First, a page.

Secular Right | Reality & Reason

Jun/11

6

Helping Out

Share on FacebookTweet about this on TwitterShare on RedditShare on StumbleUponEmail this to someoneShare on TumblrShare on Google+

On the general matter of assisted suicide:

(1) I couldn’t care less what people with ideological or theological fixations think.  They are entitled to their intellectual pleasures, but they have no right to foist their conclusions on citizens of a free society.

(2) The only jurisprudential objection to assisted suicide is that if it is permitted, then it will be easier for ingenious people to commit homicide.

This seems to me to be true. However, I can’t believe it is beyound the wit of our jurists to devise laws that (a) accommodate the sincere, reasonable, non-transient wish to die of  a Daniel James while thwarting the fellow who wants to bump off Granny for his inheritance.

If that is beyond the wit of our jurists, we are paying them too much.

No tags

7 comments

  • wm tanksley · June 6, 2011 at 4:59 pm

    “I couldn’t care less what people with ideological or theological fixations think.”

    That is an error in your process that you must fix if you wish to think in public. If a person offers a well-founded objection to you, you should consider it based on the foundation they offer, NOT based on what other fixations they may have. (Of course, you are not obligated to provide a firm foundation for their idea if they fail to do so.)

    -Wm

  • Stephen · June 6, 2011 at 5:12 pm

    “I can’t believe it is beyound the wit of our jurists to devise laws…”

    I thought that was the job of the legislatures. I, personally, can believe that it is beyond the wit of our legislators to devise such laws.

  • NGPM · June 6, 2011 at 8:22 pm

    “I can’t believe it is beyound the wit of our jurists to devise laws that (a) accommodate the sincere, reasonable, non-transient wish to die of a Daniel James while thwarting the fellow who wants to bump off Granny for his inheritance.”

    On the other hand, you can use the same argument to outlaw marriage for elderly couples, since such a marriage will not be productive for society. Yet such a case is so highly rare that it is not worth the trouble to prohibit (unlike the case of same-sex marriages, which if I am not mistaken you oppose). There is a saying that hard cases make for bad laws, and this is arguably one of those incidents.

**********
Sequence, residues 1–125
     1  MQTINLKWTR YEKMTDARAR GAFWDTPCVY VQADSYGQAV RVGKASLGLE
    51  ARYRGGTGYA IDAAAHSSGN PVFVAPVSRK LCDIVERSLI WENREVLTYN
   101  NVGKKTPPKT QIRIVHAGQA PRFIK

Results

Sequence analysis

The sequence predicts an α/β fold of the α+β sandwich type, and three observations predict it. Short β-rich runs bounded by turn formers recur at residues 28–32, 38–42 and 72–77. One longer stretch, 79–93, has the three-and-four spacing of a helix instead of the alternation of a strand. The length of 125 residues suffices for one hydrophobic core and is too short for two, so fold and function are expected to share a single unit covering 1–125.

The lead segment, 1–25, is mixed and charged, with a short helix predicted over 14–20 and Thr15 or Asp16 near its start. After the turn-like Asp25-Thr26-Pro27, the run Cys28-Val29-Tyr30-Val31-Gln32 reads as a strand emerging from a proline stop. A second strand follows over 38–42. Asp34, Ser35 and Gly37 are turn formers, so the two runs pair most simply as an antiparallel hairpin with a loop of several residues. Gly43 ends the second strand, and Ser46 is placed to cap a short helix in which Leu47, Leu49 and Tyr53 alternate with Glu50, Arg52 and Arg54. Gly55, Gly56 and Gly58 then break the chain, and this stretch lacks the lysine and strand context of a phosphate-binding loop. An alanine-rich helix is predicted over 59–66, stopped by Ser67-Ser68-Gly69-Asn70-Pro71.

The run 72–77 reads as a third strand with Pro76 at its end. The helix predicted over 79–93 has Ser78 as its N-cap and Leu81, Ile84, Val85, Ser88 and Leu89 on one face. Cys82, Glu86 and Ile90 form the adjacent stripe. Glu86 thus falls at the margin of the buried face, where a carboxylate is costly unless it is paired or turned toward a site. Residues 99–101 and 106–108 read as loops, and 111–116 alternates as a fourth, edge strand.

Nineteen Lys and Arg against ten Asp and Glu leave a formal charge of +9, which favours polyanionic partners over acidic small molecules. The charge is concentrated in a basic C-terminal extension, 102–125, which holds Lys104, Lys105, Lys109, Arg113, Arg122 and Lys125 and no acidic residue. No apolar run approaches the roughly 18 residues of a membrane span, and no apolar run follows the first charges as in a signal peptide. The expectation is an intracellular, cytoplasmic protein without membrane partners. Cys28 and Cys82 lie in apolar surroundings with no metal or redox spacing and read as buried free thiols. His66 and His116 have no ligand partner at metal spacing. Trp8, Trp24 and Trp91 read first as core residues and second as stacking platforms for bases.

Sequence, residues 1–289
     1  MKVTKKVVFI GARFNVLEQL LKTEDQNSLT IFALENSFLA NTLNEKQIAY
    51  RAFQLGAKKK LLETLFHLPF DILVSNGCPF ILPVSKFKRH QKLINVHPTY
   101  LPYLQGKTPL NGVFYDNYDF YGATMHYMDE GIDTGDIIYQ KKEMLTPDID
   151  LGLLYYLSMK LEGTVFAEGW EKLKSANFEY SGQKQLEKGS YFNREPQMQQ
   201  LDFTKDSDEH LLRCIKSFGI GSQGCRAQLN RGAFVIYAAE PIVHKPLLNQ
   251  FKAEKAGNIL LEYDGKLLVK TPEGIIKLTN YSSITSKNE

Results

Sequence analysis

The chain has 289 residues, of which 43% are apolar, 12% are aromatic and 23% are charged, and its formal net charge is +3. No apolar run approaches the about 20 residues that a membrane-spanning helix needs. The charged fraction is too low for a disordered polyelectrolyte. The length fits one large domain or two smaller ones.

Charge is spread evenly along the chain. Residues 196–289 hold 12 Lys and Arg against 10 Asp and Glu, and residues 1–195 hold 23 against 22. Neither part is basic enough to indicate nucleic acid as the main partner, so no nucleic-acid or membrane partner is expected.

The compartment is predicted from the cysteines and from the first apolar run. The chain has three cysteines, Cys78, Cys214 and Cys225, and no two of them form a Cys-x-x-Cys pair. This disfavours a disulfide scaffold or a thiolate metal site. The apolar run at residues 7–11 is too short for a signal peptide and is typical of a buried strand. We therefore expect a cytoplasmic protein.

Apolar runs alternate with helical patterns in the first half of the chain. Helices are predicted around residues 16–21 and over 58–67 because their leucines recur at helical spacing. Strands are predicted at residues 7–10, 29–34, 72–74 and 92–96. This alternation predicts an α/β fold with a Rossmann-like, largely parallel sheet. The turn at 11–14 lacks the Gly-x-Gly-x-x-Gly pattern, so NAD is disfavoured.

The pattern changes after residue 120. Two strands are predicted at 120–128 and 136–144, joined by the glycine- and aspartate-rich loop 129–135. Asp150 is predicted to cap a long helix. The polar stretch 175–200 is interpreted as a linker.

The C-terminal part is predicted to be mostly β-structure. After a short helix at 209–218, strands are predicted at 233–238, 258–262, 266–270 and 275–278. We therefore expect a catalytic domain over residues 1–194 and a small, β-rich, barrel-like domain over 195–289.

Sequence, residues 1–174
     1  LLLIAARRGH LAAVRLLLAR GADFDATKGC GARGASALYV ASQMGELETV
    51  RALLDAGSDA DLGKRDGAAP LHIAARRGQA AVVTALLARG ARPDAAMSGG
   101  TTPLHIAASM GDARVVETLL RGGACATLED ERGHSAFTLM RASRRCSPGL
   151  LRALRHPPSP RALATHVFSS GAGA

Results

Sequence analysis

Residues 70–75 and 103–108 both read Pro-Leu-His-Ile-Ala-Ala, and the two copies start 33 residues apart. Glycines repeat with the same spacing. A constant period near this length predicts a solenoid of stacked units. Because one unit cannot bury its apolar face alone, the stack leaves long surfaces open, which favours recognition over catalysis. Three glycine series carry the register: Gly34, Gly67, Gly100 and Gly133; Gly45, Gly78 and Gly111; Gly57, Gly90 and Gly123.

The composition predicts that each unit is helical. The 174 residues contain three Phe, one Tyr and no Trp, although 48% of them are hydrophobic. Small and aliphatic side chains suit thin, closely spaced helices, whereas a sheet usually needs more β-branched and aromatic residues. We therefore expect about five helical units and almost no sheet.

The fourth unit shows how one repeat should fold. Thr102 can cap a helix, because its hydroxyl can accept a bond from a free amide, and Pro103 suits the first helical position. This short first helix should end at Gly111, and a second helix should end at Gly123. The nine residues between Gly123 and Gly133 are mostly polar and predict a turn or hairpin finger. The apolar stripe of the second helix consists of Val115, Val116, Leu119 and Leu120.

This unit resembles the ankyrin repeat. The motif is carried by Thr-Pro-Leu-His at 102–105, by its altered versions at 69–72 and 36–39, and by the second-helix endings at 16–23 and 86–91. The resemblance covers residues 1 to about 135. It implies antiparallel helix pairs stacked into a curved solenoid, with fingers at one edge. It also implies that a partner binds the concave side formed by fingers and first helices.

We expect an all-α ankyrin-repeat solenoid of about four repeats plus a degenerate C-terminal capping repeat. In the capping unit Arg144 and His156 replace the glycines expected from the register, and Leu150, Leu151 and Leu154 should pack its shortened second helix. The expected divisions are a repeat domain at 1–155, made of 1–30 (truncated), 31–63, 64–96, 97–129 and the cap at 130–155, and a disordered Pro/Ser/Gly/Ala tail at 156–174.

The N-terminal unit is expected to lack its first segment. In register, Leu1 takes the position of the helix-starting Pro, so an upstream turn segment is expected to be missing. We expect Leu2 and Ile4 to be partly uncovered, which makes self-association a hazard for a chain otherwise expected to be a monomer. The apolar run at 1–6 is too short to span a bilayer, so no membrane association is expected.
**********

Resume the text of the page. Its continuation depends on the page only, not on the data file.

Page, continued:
There is moreover the issue of the gap between the de jure and the de facto. You can be sure that for every doctor who is willing to euthanize a physically disabled man who meets some hypothetical legal criteria entitling him to request “assisted suicide,” another one will be willing to accept whatever sum of money to “invent” a fictional condition to justify the killing of a suicidal neurotic depressive or bipolar teenager who wants out. Moreover, it seems unlikely that we could prevent such psychiatric conditions from eventually making the list of conditions that exempted from prosecution a doctor who had assisted in the suicide of a patient so afflicted.

    “… our jurists, we are paying them too much.”

    Arguably, their high salaries are going to pay for their Sallie Mae loans. Sallie Mae and law schools–especially with the washed-up faculty they hire–are certainly overpaid. Unfortunately, we have probably reached the point where lower salaries for jurists would even further disincentivize the brilliant from entering law school, and that would be a disaster.

  • Sam Schulman · June 7, 2011 at 4:00 am

    There are so many interested parties when the death of an old or sick person is concerned, beginning with the State itself, hospitals and docs, insurers, family, friends and servants – a wish to die is so easily discovered by any of these ‘stakeholders’ – and medicine is so uncertain about “how much time is left” – that legal protection is meaningless. Take a look at Oregon and the Netherlands, where even weak legal protections are regularly ignored, precisely because it is in virtually everyone’s interest to do so.
    What a horrible way to die for the vast majority, all to protect the newly invented right of a very few.
    Why not offer everyone who expresses the wish to die – in the spirit of C. Aubrey Smith dealing with an officer caught cheating at cards- a loaded gun, a locked room, and 12 hours to think it over. And leave the sick, the poor, and the dying alone. We all will have the rest of our lives to be dead.

  • Clark · June 8, 2011 at 3:40 am

    I think you have too much faith in “jurists” and more particularly the police. I’m sure if the police come and see an old terminal patient who committed suicide they’re not going to look hard for foul play when there are other cases on their docket. To think such homicides couldn’t escape notice seems to suggest an ignorance of the realities of government funding of programs where the main cost is labor and often there’s more work than workers.

  • paine · June 8, 2011 at 4:52 pm

    Marriage is always productive, regardless of inseminational issue.

    There is no better boot camp for people seeking mirrors, but instead finding an other.

    There is no greater lesson in life.

  • The Mark Who Was Here First · June 9, 2011 at 4:54 am

    We already have assisted suicide–it is just half-assed, hit-or-miss, arbitrarily available and generally inept.

<<

>>

Theme Design by devolux.nh2.me